The International Day of Commemoration in memory of the victims of the Holocaust is observed annually on January 27th. This day marks the anniversary of the liberation of the Auschwitz-Birkenau concentration camp in 1945, and is an opportunity for the international community to remember and honor the millions of Jews and other victims who were murdered by the Nazi regime during World War II.
The Holocaust, also known as the Shoah, was a systematic extermination of millions of Jews, as well as other minority groups, by the Nazi regime during the 1930s and 1940s. The scale of the atrocities committed during the Holocaust is difficult to comprehend, with an estimated 6 million Jews and millions of others killed.
The International Day of Commemoration in memory of the victims of the Holocaust is an opportunity for people around the world to remember the victims of the Holocaust and to reaffirm their commitment to preventing such atrocities from happening again.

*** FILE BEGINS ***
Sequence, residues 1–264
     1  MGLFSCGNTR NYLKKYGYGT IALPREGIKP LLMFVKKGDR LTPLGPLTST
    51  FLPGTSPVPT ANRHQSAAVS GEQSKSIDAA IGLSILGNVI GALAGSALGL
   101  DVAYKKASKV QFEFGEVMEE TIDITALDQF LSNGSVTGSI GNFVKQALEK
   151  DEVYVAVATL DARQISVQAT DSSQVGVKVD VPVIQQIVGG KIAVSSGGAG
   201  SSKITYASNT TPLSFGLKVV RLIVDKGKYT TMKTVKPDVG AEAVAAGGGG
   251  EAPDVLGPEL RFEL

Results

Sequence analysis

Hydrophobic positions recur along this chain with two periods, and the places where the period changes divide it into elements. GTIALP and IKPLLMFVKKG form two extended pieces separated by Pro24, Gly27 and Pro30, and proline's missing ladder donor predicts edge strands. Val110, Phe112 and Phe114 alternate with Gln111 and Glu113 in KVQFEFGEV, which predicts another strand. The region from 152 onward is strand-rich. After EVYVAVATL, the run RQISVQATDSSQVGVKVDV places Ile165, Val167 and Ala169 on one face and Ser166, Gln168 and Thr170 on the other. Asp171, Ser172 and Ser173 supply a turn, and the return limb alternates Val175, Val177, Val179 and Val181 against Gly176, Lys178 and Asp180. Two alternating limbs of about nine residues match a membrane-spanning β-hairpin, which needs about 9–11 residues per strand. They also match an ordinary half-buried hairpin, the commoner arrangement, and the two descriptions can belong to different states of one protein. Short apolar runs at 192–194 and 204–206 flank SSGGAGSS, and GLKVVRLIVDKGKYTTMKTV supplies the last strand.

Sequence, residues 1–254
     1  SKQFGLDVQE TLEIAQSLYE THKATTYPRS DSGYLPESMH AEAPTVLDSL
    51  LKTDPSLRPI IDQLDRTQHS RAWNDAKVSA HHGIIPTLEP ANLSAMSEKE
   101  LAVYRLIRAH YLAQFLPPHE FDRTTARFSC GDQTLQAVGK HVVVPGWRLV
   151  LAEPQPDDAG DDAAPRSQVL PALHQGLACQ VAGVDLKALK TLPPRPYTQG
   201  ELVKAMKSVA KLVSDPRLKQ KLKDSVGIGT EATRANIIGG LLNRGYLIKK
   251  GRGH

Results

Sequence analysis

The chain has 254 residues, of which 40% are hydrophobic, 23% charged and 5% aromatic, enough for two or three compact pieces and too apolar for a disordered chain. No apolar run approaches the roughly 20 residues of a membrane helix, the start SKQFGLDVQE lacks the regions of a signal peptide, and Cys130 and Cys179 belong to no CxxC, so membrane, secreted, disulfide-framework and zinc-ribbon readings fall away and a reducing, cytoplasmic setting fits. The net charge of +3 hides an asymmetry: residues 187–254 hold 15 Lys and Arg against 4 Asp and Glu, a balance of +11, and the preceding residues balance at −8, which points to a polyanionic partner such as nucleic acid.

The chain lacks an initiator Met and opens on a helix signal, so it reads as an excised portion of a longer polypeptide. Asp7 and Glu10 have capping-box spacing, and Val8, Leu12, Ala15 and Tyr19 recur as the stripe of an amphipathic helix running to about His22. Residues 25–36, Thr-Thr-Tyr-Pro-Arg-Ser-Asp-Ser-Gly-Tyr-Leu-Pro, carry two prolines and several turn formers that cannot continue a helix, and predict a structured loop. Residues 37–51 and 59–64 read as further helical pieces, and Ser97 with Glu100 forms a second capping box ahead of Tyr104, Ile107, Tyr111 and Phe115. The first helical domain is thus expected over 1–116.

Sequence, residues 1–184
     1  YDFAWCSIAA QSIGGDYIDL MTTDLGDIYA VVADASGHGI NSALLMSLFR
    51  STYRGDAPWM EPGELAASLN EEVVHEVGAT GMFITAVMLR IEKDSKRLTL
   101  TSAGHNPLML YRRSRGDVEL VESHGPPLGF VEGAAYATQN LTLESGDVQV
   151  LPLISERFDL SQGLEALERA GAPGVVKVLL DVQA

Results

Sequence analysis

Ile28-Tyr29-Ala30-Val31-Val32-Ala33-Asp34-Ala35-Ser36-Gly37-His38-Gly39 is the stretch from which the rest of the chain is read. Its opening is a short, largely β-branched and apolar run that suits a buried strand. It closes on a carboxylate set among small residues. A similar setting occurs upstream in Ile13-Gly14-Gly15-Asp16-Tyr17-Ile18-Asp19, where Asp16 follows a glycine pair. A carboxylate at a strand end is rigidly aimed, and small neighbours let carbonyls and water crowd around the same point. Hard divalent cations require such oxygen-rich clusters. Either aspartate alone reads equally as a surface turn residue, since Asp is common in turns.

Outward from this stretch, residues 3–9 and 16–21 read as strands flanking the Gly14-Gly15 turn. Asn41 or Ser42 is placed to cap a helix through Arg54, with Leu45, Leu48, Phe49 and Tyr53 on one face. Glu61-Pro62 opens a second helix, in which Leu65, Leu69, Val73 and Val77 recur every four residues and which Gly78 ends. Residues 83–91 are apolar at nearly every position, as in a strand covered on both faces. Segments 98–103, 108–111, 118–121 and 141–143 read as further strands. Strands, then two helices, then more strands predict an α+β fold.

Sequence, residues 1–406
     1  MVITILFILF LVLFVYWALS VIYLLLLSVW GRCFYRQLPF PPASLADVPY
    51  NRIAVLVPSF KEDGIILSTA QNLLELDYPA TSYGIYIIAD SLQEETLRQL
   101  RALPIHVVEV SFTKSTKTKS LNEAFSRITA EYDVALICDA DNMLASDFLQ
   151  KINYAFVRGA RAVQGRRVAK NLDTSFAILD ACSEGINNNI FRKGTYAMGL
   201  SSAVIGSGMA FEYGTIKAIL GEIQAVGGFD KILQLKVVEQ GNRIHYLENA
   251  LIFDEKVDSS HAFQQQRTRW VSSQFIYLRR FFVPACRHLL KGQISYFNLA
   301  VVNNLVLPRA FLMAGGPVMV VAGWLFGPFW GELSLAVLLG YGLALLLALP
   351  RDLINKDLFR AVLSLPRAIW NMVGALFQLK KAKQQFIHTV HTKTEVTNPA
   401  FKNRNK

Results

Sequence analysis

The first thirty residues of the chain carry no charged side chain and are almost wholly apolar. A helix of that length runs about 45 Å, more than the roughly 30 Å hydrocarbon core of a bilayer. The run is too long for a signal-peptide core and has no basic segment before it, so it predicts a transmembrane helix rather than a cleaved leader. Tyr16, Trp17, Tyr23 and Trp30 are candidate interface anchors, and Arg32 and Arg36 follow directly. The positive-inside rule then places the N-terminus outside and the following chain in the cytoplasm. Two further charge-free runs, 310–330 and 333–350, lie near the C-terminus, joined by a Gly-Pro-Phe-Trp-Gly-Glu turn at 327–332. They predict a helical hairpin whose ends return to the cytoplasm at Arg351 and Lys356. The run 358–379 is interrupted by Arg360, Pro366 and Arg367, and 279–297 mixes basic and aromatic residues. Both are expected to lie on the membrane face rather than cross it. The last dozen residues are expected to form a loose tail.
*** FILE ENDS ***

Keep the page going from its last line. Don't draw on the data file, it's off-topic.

On this day, governments, organizations, and individuals take part in a wide range of activities to commemorate the victims of the Holocaust, such as ceremonies, educational programs, and exhibitions.
It is important to remember the Holocaust and its victims, not only to honor those who lost their lives, but also to learn from the past and ensure that the atrocities committed during the Holocaust are never repeated.